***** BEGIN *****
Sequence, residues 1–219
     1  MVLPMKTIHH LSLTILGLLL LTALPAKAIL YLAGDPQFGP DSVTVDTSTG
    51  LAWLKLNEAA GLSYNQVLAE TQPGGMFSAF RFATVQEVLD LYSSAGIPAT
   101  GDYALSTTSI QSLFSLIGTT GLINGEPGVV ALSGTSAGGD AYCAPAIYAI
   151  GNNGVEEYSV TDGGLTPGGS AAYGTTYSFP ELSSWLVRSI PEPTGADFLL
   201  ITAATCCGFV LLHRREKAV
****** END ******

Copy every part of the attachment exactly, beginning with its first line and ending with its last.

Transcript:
Sequence, residues 1–219
     1  MVLPMKTIHH LSLTILGLLL LTALPAKAIL YLAGDPQFGP DSVTVDTSTG
    51  LAWLKLNEAA GLSYNQVLAE TQPGGMFSAF RFATVQEVLD LYSSAGIPAT
   101  GDYALSTTSI QSLFSLIGTT GLINGEPGVV ALSGTSAGGD AYCAPAIYAI
   151  GNNGVEEYSV TDGGLTPGGS AAYGTTYSFP ELSSWLVRSI PEPTGADFLL
   201  ITAATCCGFV LLHRREKAV